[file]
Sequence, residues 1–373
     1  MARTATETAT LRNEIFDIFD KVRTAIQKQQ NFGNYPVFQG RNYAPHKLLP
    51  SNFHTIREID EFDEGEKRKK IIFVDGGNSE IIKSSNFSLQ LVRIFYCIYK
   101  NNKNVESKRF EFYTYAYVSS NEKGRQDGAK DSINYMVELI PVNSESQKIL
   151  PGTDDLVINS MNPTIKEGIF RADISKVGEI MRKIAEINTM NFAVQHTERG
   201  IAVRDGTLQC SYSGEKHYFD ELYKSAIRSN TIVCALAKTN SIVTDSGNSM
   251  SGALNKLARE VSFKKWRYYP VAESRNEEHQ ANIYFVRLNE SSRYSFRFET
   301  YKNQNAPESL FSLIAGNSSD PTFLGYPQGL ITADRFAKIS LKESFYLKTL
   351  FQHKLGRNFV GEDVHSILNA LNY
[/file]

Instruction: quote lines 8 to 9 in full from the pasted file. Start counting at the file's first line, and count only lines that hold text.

   301  YKNQNAPESL FSLIAGNSSD PTFLGYPQGL ITADRFAKIS LKESFYLKTL
   351  FQHKLGRNFV GEDVHSILNA LNY